Cryopreservation has been used for decades to preserve tissues using liquid nitrogen in order to preserve them over a long period of time. Although this method allows scientists to bring back the tissues from very low temperature without causing damage, it has yet to be done on large tissue samples or organs. But researchers at the University of Minnesota say they are getting closer to a solution that could possibly eliminate organ transplant waiting lists.
According to the American Transplant Foundation, 22 people die every day while waiting for an organ transplant. The main issue is not that there is an organ shortage, but the lack of an efficient way to safely store the organs while finding a matching recipient. Since organs cannot be kept on ice for more than four hours with causing damage, it's estimated that 60% of heart and lung donations are thrown out each year.
Instead of using cryopreservation, which causes ice crystals to form during the thawing process, researchers at UMN are turning to vitrification. This technique involves super-cooling samples at around -160 °C (-256 °F) until they reach a "glassy" state. Vitrification would allow organs to be stored for years, but the problem is there is no successful way to thaw larger tissue samples or organs.
So far, researchers have been able to rapidly thaw cryogenically treated human and pig samples ranging between 1 and 50 mL in size, while avoiding damaging side effects. To make this possible, the team used silica-coated iron oxide nanoparticles and applied an eternal magnetic field to heat the tissue at the same rate to prevent ice crystals from forming.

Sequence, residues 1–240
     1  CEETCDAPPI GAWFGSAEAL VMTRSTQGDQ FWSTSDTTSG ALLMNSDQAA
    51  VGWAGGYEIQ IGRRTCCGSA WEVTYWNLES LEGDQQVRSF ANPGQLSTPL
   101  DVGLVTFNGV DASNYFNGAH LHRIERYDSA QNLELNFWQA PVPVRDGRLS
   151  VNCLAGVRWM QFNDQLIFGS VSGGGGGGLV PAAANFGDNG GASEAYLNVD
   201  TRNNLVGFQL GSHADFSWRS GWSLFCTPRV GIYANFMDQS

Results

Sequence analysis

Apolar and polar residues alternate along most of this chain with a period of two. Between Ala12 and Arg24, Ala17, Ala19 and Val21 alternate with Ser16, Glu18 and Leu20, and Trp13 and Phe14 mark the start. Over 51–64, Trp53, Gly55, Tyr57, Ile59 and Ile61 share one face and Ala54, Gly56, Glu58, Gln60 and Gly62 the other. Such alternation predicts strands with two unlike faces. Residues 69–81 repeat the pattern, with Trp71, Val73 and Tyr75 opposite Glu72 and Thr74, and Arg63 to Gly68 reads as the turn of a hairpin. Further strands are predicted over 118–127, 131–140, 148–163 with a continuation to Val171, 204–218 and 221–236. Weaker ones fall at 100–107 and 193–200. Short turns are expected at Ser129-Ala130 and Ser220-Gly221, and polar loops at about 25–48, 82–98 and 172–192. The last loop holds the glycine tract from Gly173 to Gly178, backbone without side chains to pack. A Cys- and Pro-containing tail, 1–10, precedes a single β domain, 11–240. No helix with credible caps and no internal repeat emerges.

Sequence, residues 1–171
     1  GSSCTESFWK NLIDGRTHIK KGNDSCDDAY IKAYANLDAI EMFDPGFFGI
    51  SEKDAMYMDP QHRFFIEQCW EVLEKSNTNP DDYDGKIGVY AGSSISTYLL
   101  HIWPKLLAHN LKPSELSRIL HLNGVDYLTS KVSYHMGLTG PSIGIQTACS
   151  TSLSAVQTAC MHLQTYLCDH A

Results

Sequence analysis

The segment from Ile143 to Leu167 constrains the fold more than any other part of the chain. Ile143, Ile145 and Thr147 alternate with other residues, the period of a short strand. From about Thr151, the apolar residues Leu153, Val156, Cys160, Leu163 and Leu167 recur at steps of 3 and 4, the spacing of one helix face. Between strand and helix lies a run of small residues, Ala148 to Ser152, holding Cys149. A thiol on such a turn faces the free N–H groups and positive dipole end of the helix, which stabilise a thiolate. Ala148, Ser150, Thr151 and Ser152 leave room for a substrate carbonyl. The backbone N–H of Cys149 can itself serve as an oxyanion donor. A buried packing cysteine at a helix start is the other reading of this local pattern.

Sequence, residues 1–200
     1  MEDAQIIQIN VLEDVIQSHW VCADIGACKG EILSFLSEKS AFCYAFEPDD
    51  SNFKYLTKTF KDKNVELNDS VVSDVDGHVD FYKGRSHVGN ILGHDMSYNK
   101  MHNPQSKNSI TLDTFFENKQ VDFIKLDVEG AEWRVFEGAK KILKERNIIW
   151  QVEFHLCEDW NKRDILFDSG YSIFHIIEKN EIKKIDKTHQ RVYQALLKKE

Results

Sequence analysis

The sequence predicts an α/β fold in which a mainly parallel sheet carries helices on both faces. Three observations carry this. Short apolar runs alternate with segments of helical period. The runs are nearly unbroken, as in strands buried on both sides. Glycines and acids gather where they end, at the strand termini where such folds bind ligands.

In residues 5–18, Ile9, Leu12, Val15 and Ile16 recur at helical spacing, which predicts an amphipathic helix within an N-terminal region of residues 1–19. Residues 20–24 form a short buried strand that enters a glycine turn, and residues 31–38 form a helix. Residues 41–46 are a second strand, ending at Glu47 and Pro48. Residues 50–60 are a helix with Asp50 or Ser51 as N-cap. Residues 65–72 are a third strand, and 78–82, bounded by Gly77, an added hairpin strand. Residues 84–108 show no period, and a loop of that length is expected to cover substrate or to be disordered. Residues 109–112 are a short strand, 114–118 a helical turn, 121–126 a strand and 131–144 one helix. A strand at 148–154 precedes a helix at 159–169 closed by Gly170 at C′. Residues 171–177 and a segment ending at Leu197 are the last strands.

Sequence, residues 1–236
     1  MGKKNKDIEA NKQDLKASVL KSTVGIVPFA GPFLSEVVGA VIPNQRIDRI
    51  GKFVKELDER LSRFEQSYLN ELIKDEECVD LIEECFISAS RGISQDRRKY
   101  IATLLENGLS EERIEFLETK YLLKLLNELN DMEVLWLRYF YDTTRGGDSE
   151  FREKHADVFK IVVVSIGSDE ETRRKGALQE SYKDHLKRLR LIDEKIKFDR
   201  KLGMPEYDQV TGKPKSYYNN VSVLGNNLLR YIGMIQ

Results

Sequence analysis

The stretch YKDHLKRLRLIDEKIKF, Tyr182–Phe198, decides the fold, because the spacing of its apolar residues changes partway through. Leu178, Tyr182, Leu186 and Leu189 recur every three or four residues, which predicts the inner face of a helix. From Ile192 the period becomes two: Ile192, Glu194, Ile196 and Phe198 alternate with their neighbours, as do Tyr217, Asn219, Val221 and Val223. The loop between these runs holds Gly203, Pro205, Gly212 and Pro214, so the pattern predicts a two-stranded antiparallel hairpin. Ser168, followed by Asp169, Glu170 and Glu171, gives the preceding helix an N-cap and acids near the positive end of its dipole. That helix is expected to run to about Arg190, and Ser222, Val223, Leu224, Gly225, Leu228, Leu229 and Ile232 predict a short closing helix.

Before we can start building up an arsenal of available organs for transplants, researchers say a lot of work still needs to be done. The team has yet to apply to technique to organs, and admit they would have to inject the nanoparticle solution into the organs to achieve the same uniform heating.
To ensure quality control during cryopreservation, it's critical to constantly monitor the temperature of items. MadgeTech offers data logging solutions that can withstand temperatures as low as -196 °C for handling liquid nitrogen- based applications. To view the complete collection of data loggers for cold chain monitoring in medical and pharmaceutical settings, click here.
The older we get, it seems the more we find ourselves trying to recall where we parked our car or where we left our keys and wallet. Eventually, we find them and sometimes in the most unexpected places. Unfortunately, there's no magic pill to help restore our memory, but researchers at Stanford University say the human umbilical cord could hold the key.
Researchers at Boston University School of Medicine are using bacteria to improve vaccines, and it may have exceed expectations. They believe a protein found in deadly meningitis bacteria can not only boost the effectiveness of vaccines, but it could also help fight off other diseases.
Boston here we come! MadgeTech is making the quick trip to neighboring Massachusetts for the 3rd Annual New England Cannabis Convention this weekend, April 22nd and 23rd at the Hynes Convention Center. MadgeTech will be showcasing its line of data loggers designed specifically for cannabis cultivators to the more than 10,000 expected attendees.